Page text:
Blackhawks

Four takeaways: Patrick Kane shines in hometown as Blackhawks have offensive explosion

Four takeaways: Patrick Kane shines in hometown as Blackhawks have offensive explosion

Here are four takeaways from the Blackhawks' 7-3 win over the Buffalo Sabres at KeyBank Center on Friday:

1. Patrick Kane shines in hometown

When Kane returns to Buffalo, he usually puts a show on in front of his hometown crowd. Well, he did it again.

Just 50 seconds into the second period, the former Hart Trophy winner scored his 30th goal of the season, which happened to be his 900th career point in the NHL. He's the fifth player in Blackhawks history to reach that mark. And he didn't stop there.

Kane later added two assists and an empty-net goal for his third four-plus point outing in five games, and seventh-multi-point effort in his past nine games. He extended his season-long point streak to 10 games, and has 25 points (nine goals, 16 assists) over that span coming off a month in which he was named the NHL's third star of January.

With the four-point game, Kane went from fifth to second in the NHL with 75 points. He trails only Nikita Kucherov (79) for the league lead. 

2. Cam Ward rises to the occasion

The Blackhawks may have scored seven goals, but it's hard to see them winning this game without Ward's performance. He stopped 40 of 43 shots for a save percentage of .930, and did his best to hold down the fort in the third period when the Sabres were outshooting the Blackhawks 11-0.

On the other side, Carter Hutton allowed four goals on 22 shots for a save percentage of .818 and was replaced in the third period by Linus Ullmark, who gave up two goals on seven shots for a save percentage of .714. Ward out-did both of them.

3. Answering back

After scoring the first three goals of the game, the Blackhawks gave up their first goal with 1:55 remaining in the middle frame that cut their lead to 3-1. But 1:34 later and 20.6 seconds before the period expired, Brandon Saad scored for the fourth time in five games to give his team a three-goal lead again. It was a great response.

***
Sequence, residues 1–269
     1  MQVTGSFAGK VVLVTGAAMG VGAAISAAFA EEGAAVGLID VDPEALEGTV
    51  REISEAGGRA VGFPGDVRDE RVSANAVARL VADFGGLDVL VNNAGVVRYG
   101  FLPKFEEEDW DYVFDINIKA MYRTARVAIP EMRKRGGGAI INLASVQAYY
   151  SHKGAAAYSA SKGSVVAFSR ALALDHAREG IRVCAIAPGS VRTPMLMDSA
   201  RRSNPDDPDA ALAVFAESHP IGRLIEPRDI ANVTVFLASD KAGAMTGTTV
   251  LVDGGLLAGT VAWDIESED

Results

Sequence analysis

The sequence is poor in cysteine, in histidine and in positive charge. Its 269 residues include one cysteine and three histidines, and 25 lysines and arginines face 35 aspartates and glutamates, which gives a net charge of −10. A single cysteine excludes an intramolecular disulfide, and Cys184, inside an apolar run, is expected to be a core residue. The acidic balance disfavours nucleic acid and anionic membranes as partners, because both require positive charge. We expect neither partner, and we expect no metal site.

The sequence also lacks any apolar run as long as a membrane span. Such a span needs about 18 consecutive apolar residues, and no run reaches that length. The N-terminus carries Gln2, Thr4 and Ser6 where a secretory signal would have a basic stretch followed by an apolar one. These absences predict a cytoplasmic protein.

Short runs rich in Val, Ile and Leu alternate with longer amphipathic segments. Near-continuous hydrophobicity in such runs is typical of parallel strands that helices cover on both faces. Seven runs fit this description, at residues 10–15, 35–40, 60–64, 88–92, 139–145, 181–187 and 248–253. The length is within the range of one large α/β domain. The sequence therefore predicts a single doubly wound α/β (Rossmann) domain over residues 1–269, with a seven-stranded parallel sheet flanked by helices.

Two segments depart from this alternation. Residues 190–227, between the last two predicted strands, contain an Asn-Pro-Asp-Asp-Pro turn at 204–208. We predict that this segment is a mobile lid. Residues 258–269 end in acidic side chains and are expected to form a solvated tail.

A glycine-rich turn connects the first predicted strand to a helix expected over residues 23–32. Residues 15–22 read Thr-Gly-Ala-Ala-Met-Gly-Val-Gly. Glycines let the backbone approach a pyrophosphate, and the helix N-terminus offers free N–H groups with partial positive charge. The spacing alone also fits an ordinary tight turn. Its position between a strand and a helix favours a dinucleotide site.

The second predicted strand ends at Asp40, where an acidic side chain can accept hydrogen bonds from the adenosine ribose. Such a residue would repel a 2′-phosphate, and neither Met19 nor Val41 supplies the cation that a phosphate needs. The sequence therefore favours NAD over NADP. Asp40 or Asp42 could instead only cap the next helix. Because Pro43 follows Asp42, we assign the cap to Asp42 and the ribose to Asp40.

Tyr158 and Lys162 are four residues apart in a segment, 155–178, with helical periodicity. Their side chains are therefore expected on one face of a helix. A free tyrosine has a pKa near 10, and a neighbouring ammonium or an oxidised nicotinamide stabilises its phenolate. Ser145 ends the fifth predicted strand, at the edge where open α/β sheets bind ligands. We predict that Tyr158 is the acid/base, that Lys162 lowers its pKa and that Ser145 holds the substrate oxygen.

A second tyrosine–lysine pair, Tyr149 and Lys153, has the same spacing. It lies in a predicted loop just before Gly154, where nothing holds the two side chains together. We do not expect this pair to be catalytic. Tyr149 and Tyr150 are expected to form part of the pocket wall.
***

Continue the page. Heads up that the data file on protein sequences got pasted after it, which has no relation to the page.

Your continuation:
But the Sabres came out of the third period flying, and scored twice within a 3:37 span to cut their deficit to 4-3. It felt like they were going to tie it up at any second.

But Connor Murphy scored his second of the season with 8:36 left in regulation that essentially iced the game as Kane eventually scored the empty-netter, and Saad added his second of the game with 46 seconds left. The Blackhawks never allowed Buffalo to even it up, and kept the Sabres at bay.

4. Shaking off a slow start

Going into Friday, the Sabres had already played in two games since the All-Star break. The Blackhawks were on a nine-day hiatus. And it showed early on.

The road team didn't record their first shot on goal until the 5:53 mark of the opening frame, and were outshot 14-7. Despite that, the Blackhawks got on the board first when Drake Caggiula scored his first goal as a member of the Blackhawks with 1:22 remaining.

Caggiula also added two assists for his first career three-point game and fourth multi-point effort of the season, his first with Chicago. He was finally rewarded on the scoresheet.

Corey Crawford acknowledges he's ready to return for Blackhawks

Corey Crawford acknowledges he's ready to return for Blackhawks

The Blackhawks are back within two points of a wild card spot, and they may finally be getting their star goaltender back soon.